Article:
Inside the chapel there is a picture of The Black Madonna which was donated to the parish by the Polish Community of Cwmbran, who shared this church.
This is the story about the The Black Madonna, as described below.
The Black Madonna
There are many shrines of the Mother of God in Catholic Poland. But the one that is most venerated, is the Madonna of Czestochowa.
The shrine is not only a religious symbol of the faithful, but the love for their Great Patroness fused them together to act as one nation during the turbulent, sorrowful years of their existence during the partition by Russia, Germany and Austria.
Under the present government, love for her has not diminished. She is still the Queen of Poland.
In 1953 Cardinal Wyszyriski was imprisoned for not conforming with the orders of the government regarding religion. The people did not abandon him, nor gave in to the pressures of the government.
During 1955 a million and a half people gathered at the shrine. The release from prison of the cardinal was mostly due to the staunch backing of the faithful.
In 1951 THE GREAT NATIONAL NOVENA was launched and for nine years a replica of the picture of the Madonna travelled all over Poland.
The government became sharply aware that the people would not be separated from their faith, and the pressures on religion were lessened.
The story of the picture is fascinating. Where did it originate? Who painted it? What was its history before it was brought to Poland around 1382?
Tradition has it that it was painted by St. Luke, the Evangelist, in Jerusalem, and given to the Christians living there at the time.
In the fourth century A.D., it was taken to Constantinopole by St. Helen, and five centuries later was given as part of the dowry of a Byzantine princess.
It was rediscovered six hundred years ago in an ancient, tiny church where it was credited with numerous miracles.
A Polish prince brought 16 Paulist Fathers from Hungary and placed the picture under their care.
The style of the painting and the dark color of the face, remind the viewer of Egyptian or Greek paintings of great antiquity and not Italian as it was thought to be.
It was examined by experts in many ways including X-ray, and it has been definitely established that it was painted between the fifth and sixth centuries A.D. It is considered to be one of the oldest paintings of the Virgin in the world.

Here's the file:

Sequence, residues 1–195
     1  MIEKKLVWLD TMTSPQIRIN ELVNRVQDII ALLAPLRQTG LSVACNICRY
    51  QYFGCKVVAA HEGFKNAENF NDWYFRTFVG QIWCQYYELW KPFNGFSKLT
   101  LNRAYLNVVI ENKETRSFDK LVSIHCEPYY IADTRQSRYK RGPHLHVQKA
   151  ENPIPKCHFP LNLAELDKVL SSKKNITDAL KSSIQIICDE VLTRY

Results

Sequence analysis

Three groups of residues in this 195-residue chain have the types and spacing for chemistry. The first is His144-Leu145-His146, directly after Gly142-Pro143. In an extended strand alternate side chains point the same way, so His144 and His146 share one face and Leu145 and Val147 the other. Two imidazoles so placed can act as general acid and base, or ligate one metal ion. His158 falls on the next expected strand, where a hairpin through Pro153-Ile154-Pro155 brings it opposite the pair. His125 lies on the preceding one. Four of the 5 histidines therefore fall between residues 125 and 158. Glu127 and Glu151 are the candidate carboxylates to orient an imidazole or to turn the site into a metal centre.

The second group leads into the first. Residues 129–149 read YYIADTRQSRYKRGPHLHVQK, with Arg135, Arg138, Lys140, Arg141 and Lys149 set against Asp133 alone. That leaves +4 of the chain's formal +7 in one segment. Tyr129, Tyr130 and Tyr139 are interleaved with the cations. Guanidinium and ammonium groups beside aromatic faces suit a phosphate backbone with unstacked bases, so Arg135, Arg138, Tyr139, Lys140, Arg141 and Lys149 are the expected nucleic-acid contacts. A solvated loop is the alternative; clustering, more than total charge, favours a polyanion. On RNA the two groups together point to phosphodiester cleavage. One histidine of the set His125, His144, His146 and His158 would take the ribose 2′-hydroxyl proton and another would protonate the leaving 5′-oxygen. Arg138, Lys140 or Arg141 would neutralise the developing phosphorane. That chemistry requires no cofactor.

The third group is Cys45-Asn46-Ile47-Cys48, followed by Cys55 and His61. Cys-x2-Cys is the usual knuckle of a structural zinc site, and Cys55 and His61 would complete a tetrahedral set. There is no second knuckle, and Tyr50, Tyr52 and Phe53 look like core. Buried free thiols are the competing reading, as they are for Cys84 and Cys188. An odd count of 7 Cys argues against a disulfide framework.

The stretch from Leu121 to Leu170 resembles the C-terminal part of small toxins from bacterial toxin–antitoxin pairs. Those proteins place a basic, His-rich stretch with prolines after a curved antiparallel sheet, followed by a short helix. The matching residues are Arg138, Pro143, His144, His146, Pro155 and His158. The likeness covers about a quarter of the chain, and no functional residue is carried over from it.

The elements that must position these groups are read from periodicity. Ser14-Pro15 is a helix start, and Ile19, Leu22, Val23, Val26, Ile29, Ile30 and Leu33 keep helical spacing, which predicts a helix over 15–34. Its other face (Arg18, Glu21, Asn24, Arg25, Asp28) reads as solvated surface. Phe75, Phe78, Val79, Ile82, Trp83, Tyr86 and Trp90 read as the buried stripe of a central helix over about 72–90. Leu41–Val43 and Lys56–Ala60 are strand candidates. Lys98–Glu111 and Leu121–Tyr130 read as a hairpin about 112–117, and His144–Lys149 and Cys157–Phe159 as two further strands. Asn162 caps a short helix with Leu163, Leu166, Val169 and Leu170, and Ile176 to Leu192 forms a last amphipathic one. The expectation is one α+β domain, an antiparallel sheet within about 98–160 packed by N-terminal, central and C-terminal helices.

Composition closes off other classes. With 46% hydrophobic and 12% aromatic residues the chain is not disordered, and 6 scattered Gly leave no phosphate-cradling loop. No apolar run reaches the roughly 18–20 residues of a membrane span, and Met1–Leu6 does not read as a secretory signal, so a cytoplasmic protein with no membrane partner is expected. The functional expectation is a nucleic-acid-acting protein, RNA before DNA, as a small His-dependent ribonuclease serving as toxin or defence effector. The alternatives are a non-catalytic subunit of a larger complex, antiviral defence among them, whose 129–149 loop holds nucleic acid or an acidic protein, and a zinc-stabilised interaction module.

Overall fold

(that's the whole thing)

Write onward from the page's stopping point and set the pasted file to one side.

It bears many traces of its centuries-old existence. Among these are many nail holes where the faithful, in gratitude for favors received, nailed votive offerings.
When in 1430 robbers attacked the church and monastery, the picture was broken into three parts. It also has two long scars on the right cheek assumed to have been made by the blows of a sword.
Beginning with the reign of King Ladislaus Jagiello, each Polish king after his coronation, hurried to the shrine to place his nation under the protection of the Madonna
In 1655 the Swedish army attacked Poland. It conquered a great part of it and laid siege to the shrine and monastery for 40 days.
The few defenders, together with the Paulist Fathers led by the abbot Father Kordecki, held the invaders in check for 40 days until the nation rallied and the invaders were driven out.
Through the centuries countless pilgrimages have been made to the shrine.
It is a never-to-be-forgotten experience when the moment arrives of parting the drapes that cover the holy picture. Some unusual emotion stirs the heart. A great sigh issues from the lips of the onlookers as though it were the moment they had lived for.
It feels as if one were walking through centuries when climbing the stairs of the church tower where many volumes are stored filled with signatures of former pilgrims.
There are names of well-known people as well as crude signatures written with a work-worn, unskilled hand.
It seems as if it were God’s own plan. to give this spiritual treasure to sustain a nation which for centuries, has been the champion of Christianity, suffered so much for its faith, and has been betrayed so many times.